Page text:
The Mets came into St. Petersburg in their beach clothes and riding a high, having won seven in a row and sitting in first place in the NL East. They looked to keep the good vibes going last night as they faced the reigning AL Champion Tampa Bay Rays, but couldn’t hold a 2-0 lead in the eighth inning and lost the first game of the series by a score of 3-2.
It was a little surprising for the Mets to have been in such advantageous spot so late in the game, because they did not look great early on. Tyler Glasnow started for the Rays and looked completely unhittable from the jump. He set down the first 14 Mets in a row, and with with no-hitters on the rise this season, it seemed like the Mets might become the latest team to be no-hit. Then until the -illars struck.
With two outs in the fifth inning and the offense looking hopeless, Kevin Pillar beat out an infield hit, which must’ve felt like a giant relief for the Mets. Then, the very next batter and the other half of the -illars, Jonathan Villar, came up and knocked a two-run homer that just eked over the wall in right right field to suddenly put the Mets up 2-0.
And with the way David Peterson was pitching, that lead had every chance to stick. After he was knocked out in the second game of his last start, Peterson fared significantly better this time. He ran into some trouble in the second inning again, much like last time. He allowed a leadoff double, and after a strikeout, allowed back-to-back walks to load the bases with one out.
But this time Peterson regained his command, and struck out the next two hitters in the inning to end the threat and keep the game scoreless at that point. Those two punch-outs were the the first two in a stretch where he retired 17 consecutive Rays hitters that he retired.
That stretch lasted all the way to the 8th inning, a place Peterson had never gone in his career before. The young lefty came out for the 8th inning last night and immediately started missing badly to the armside on the first two pitches of the inning, a clear sign of tiring. The very next pitch was a 91 MPH fastball that Mike Zunino hit 117.3 MPH and 450 feet to get the Rays on the board.
Anybody watching could tell you that Peterson, who doesn’t typically pitch deep into games, was probably tiring, as he had lost velocity and was missing badly. But Luis Rojas kept him in to face rookie Kevin Padlo, who scorched a double into the gap to put the tying run on second.
Peterson, now clearly done and laboring even more at this point, was still not lifted by Rojas, who kept him in to face Brett Phillips. Peterson struck Phillips out, after which Rojas finally pulled his young starter.
Trevor May came into the game at that point with a runner on second and one out. May gave up hard contact to Randy Arozarena, but got fortunate that the ball found Villar’s glove at third. He wasn’t so lucky the next at bat, as Manuel Margot laced a ball a few feet to the left of Arozarena’s and down the left field line to tie the game.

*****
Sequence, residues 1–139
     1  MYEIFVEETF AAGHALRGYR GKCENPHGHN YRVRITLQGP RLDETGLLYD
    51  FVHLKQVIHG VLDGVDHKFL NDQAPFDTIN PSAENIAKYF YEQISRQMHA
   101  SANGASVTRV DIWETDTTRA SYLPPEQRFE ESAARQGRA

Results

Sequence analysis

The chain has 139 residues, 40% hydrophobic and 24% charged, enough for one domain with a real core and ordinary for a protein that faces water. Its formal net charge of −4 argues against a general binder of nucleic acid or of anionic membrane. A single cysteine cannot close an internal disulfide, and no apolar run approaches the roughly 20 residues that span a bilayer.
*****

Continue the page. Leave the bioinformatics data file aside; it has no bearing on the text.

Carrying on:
May was giving up hard contact, not throwing his usual velocity consistently, missing his slider by a matter of feet, not inches, and had to resort to throwing his third pitch—his changeup—to try to get Margot out. Rojas, seeing this happening to May pitching with the game on the line, chose not get a reliever up behind him at all.
May was able to fight through and strike out Austin Meadows to end the frame and keep the game tied, which probably saved the game because Rojas had clearly chosen to ride or die without a backup for May, despite having a fully rested bullpen after an off day.
The Mets did not get anything else off Glasnow, who tossed eight fine innings of his own and struck out 10 Mets. They didn’t fair much better against Pete Fairbanks in the 9th either, despite a fortunate hit for Pillar and Villar reaching on an error.
Miguel Castro then came on for the bottom of the 9th and struggled a bit. He got the first hitter of the inning to fly out, but walked the next hitter and allowed a soft hit to Willy Adames. He then couldn’t find the zone against Mike Zunino and walked him as well to load the bases. Rojas then went to Aaron Loup to face the pinch-hitting Joey Wendle.
Loup was able to fan Wendle for the second out, setting up a matchup with another lefty, Brett Phillips, whose claim to fame was his walk off hit in last year’s World Series. Loup instantly gave up a hit on the first pitch to to end the game. Phillips walked it off again, while he did his signature airplane celebration, growing his legend even more.
For the Mets, it’s their first loss in over a week, but it’s still a frustrating one. They drop to 18-14 on the season and have to pin their hopes in the series on an opener today.
*illar of the Game
Jonathan Villar: 1-for-4, two-run HR, 2 RBI
SB Nation GameThreads
Win Probability Added
Big Mets winner: Jonathan Villar +28.2% WPA
Big Mets loser: Miguel Castro -20.2% WPA
Mets pitchers: -30.9% WPA
Mets hitters: -19.1% WPA
Teh aw3s0mest play: Jonathan Villar hits a two-run home run (+27.4% WPA)
Teh sux0rest play: Brett Phillips hits a walk-off RBI single (-34.6% WPA)